One of almond’s selling points is its short seasoning time. Almond can be ready to burn in as little as 12 months. Oak, for example, can take up to 24 months before it’s seasoned. If you burn green wood, it can lead to excess creosote buildup in your chimney, if most of your burning occurs in an indoor stove. 

As such, you’ll want a moisture meter to accurately measure the moisture content of your almond wood. They’re not too expensive, and you can easily find one within a reasonable budget. 

I personally recommend this General Tools Moisture Meter. It allows you to accurately gauge how wet your firewood is and whether it is sufficiently seasoned. Over time you can also see how quickly the moisture is dropping and how much longer you need to keep your firewood dropping until it is seasoned and ready to burn.

Press the sharp pins into the wood and you will quickly see the readout show the moisture ranging from 5% to 50%. It also has a Low/Mid/High indication depending on whether the wood is dry enough, so you don’t need to remember the actual values.

General Tools Moisture Meter
Use a Moisture Meter to Avoid Burning Wet Wood

Burning Smell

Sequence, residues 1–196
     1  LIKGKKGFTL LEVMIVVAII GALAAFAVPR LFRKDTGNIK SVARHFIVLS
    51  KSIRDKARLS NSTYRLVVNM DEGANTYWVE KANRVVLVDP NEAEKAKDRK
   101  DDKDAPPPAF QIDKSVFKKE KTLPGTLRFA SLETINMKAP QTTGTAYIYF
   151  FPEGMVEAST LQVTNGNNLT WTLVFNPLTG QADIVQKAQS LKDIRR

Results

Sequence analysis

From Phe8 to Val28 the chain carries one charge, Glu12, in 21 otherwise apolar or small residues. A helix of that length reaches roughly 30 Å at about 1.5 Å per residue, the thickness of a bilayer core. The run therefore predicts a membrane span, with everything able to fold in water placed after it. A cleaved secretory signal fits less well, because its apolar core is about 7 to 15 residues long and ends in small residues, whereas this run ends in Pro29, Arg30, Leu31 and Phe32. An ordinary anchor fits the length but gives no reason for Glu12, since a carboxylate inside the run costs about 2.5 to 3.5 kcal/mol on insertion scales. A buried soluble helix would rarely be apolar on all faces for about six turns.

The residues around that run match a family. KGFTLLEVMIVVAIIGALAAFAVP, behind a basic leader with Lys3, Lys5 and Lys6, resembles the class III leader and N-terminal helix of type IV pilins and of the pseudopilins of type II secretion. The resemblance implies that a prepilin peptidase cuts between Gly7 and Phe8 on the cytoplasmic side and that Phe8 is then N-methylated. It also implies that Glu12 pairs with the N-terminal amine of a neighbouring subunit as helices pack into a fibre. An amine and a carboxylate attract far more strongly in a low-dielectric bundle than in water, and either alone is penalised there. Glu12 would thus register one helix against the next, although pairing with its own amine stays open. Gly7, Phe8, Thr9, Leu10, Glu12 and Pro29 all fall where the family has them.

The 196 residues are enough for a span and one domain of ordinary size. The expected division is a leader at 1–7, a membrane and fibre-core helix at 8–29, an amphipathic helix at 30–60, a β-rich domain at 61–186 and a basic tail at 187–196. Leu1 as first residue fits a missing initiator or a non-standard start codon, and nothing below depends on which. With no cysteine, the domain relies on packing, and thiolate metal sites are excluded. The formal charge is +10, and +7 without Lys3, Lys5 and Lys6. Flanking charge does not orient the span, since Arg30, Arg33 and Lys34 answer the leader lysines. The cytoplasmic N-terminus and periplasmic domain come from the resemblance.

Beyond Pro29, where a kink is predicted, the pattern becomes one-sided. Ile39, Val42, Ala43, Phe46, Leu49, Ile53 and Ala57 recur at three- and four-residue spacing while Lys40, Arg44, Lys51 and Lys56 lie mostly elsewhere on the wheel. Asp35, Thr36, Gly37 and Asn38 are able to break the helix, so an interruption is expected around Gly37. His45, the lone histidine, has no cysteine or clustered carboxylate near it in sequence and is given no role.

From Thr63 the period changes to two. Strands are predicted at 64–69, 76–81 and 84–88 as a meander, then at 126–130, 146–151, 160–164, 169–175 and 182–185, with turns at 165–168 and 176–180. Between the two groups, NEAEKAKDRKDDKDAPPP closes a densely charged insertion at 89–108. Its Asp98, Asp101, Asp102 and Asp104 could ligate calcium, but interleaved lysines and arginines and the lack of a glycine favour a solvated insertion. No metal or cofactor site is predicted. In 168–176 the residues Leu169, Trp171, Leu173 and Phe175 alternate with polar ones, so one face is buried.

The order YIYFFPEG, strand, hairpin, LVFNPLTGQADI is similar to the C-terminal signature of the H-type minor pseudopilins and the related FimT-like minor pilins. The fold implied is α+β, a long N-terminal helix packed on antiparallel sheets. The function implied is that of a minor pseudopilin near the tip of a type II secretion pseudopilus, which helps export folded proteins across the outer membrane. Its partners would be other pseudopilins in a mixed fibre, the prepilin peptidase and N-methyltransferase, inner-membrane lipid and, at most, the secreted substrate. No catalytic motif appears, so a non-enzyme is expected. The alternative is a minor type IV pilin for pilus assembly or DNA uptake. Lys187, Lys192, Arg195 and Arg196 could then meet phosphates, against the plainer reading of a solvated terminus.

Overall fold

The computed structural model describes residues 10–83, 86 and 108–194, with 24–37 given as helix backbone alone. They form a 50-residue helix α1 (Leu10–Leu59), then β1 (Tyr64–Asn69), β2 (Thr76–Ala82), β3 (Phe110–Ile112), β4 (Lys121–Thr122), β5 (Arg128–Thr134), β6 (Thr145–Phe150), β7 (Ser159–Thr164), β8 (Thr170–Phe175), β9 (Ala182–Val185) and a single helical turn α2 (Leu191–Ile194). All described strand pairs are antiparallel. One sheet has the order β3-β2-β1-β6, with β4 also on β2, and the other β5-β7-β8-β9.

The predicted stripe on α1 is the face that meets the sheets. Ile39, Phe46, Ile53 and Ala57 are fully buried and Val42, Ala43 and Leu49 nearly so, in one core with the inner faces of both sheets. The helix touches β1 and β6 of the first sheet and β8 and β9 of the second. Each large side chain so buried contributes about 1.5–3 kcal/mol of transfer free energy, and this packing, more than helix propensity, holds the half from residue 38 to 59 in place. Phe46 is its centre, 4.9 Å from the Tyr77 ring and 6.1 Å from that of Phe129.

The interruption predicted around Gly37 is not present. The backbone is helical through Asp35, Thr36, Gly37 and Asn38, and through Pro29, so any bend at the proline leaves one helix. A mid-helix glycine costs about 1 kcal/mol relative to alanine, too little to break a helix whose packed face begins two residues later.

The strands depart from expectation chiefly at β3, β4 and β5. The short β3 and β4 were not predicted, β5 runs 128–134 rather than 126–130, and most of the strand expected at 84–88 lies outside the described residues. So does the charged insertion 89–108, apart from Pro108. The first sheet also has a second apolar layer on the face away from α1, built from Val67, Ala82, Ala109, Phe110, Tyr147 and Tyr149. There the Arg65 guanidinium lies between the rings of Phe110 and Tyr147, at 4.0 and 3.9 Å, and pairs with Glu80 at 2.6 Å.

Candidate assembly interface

Almond produces a faint smell that’s pleasant. It doesn’t linger like smells of other woods. This makes it a great choice for use in outdoor firepits. Remember that the greener a wood is, the more pungent its burning smell will be. When properly seasoned, almond has just a slight smell. 

Creosote Buildup

Since almond burns very clean, and at a high temperature, it doesn’t cause high creosote buildup. Additionally, you’ll see very little ash buildup from an almond fire. 

Creosote is a black ash that builds up in chimneys and stoves, usually from softer woods. It’s mostly unburnt wood particles that can catch on fire if it’s not regularly cleaned. Burning harder woods that produce little creosote is the safest way to build fires in your fireplace or wood stove. 

Splitting Difficulty

Almond is comparable to oak in splitting difficulty. It’s a hardwood that’s fairly straight-grained, so you won’t have a hard time getting it to split. Almond trees grow to about 30 feet tall, with decent trunk widths. So, you won’t have to process a lot of trees to get a good yield of wood. 

Different Types/Species

Almond trees are actually native to the Middle East but have since been planted across the world. California’s Central Valley is the world’s leading almond producer, and that’s also where a good deal of almond firewood is sourced. 

The two major species of almond you’ll most often find are the Nonpareil and the Monterey. Both the Nonpareil and Monterey almond have identical BTU ratings, sap content, and splitting difficulty.